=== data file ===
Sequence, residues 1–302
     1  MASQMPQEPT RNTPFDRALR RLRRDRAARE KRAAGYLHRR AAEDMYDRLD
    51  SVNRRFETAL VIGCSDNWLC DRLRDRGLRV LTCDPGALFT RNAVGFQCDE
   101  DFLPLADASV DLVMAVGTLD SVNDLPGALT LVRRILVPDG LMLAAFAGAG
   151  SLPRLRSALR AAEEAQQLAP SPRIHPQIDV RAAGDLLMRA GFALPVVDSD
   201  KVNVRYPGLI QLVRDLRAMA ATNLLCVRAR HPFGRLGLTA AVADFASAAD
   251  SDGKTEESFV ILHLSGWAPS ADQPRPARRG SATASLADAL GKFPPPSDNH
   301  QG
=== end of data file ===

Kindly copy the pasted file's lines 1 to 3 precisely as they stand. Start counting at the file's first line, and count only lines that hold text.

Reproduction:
Sequence, residues 1–302
     1  MASQMPQEPT RNTPFDRALR RLRRDRAARE KRAAGYLHRR AAEDMYDRLD
    51  SVNRRFETAL VIGCSDNWLC DRLRDRGLRV LTCDPGALFT RNAVGFQCDE